In India’s first army overhaul, 57,000 soldiers to be redeployed in combat roles
The Indian army has around 40,525 officers and 1.15 million other ranks. The defence ministry dubbed the overhaul the first such exercise in Independent India.Updated: Aug 30, 2017, 20:27 IST
India on Wednesday announced an extensive restructuring of its army, an exercise that will see 57,000 soldiers being redeployed in combat roles to sharpen the force’s fighting edge.
Announcing the government’s decision to usher in the much-needed reforms, defence minister Arun Jaitley told media after a cabinet meeting the “far-reaching” revamp was aimed at improving army’s tooth-to-tail ratio -- the number of personnel (tail) required to support a combat soldier (tooth).
“Implementation has begun with the decision of the cabinet committee on security to close 39 military farms in a time bound manner,” a defence ministry spokesperson said.
The restructuring would be completed by December 2019. The army has around 40,525 officers and 1.15 million other ranks.
The defence ministry dubbed the overhaul the first such exercise in Independent India’s military history.
The restructuring effort will involve the shutting down of all military farms and army postal units in peace stations and a revamp of different wings including logistics, communications establishments, repair facilities, ordnance depots and other administrative and support areas.
The exercise follows recommendations made by an 11-member expert panel, headed by lieutenant general DB Shekatkar (retd), on enhancing the army’s combat potential and trimming its revenue expenditure.
The committee had listed out measures to bring down the budget for meeting day-to-day expenses and making more money available for weapons and equipment.
The ministry is implementing the first batch of 65 of the 99 Shekatkar panel recommendations approved by the government.
The remaining 34 relate to the air force, navy and some tri-service issues. The suggestions are being implemented nine months after the committee submitted its report.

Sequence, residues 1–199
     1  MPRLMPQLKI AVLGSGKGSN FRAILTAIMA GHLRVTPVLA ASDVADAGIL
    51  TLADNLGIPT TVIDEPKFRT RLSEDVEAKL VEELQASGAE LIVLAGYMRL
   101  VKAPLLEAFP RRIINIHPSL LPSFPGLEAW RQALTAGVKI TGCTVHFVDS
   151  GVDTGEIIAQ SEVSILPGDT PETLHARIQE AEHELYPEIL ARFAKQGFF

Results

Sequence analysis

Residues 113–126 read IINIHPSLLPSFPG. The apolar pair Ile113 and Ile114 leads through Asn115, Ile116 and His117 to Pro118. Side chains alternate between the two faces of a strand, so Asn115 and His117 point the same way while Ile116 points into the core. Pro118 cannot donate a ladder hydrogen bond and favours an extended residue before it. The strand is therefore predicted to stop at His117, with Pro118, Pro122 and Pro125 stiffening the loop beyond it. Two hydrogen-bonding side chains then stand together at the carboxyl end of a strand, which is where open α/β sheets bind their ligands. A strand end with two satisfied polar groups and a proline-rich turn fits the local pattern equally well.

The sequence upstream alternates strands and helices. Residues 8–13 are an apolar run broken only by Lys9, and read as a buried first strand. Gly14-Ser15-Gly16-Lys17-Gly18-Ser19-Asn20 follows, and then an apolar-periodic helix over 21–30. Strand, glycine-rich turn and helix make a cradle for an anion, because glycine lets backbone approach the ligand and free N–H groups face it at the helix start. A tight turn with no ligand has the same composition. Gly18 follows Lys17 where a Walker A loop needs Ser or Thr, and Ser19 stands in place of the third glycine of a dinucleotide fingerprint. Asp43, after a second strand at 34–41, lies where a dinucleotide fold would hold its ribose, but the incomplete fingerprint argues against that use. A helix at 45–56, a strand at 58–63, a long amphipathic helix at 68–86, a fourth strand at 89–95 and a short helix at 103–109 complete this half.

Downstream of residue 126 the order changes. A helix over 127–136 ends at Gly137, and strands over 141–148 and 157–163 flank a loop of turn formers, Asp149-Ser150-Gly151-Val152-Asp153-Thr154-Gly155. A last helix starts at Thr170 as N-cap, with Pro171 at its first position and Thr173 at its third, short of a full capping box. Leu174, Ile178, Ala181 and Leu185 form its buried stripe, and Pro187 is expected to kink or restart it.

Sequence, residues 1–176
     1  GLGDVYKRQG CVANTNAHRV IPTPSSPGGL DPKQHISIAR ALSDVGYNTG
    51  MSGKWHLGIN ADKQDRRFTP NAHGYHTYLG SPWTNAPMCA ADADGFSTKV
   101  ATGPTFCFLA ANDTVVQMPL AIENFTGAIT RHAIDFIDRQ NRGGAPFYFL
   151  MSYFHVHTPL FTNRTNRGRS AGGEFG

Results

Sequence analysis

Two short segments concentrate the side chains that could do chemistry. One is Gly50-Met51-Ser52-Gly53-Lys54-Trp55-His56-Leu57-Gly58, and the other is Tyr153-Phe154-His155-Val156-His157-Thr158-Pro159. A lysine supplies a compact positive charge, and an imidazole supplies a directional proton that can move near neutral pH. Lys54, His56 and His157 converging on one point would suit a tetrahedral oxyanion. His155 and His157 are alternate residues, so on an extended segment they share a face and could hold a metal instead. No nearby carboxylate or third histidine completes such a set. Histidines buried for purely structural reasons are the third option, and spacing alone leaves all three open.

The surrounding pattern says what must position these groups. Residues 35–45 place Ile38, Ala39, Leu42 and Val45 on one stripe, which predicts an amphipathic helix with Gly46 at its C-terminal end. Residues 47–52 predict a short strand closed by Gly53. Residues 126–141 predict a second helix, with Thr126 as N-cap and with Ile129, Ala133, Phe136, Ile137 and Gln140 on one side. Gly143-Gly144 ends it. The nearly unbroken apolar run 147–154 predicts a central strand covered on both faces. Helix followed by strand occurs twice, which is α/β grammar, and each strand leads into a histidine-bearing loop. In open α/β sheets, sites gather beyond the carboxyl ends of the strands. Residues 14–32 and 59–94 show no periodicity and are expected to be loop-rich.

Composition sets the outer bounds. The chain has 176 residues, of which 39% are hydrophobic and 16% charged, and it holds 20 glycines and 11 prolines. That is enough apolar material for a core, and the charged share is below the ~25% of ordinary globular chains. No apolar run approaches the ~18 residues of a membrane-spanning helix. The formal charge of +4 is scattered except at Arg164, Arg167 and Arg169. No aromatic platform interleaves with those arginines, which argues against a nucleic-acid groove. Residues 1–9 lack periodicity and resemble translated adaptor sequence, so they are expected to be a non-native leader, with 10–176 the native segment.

Asked if the restructuring was being undertaken factoring in the recent Doklam standoff with China, Jaitley said, “This is not specific to any incident. It had been going on much prior to Doklam.”
Indian and Chinese soldiers were locked in a standoff for more than two months in the Doklam plateau that is claimed by both Bhutan and China and border’s Sikkim on the Indian side. The longest border impasse between the two countries in more than two decades ended Monday.
Talking to HT from Pune, Shekatkar hailed the revamp, saying it would boost the army’s “combat potential, capability and endurance”.
“This is perhaps the first time a committee’s recommendations on military restructuring have been implemented,” he said.
The panel made 188 suggestions of which 99 were accepted by the ministry in March. Shekatkar expressed hope that the remaining would also be implemented as “they too were very significant”.
Those recommendations relate to the Military Engineer Services, Defence Research and Development Organisation, Directorate General of Quality Assurance, Directorate General of Defence Estates, the Ordnance Factory Board and defence accounts. Shekatkar said a large chunk of money was being spent on these organisations.
The restructuring would be done in a manner that soldiers “will be used for improving operational preparedness and civilians will be redeployed in different wings of the armed forces for improving efficiency”, the defence spokesperson said.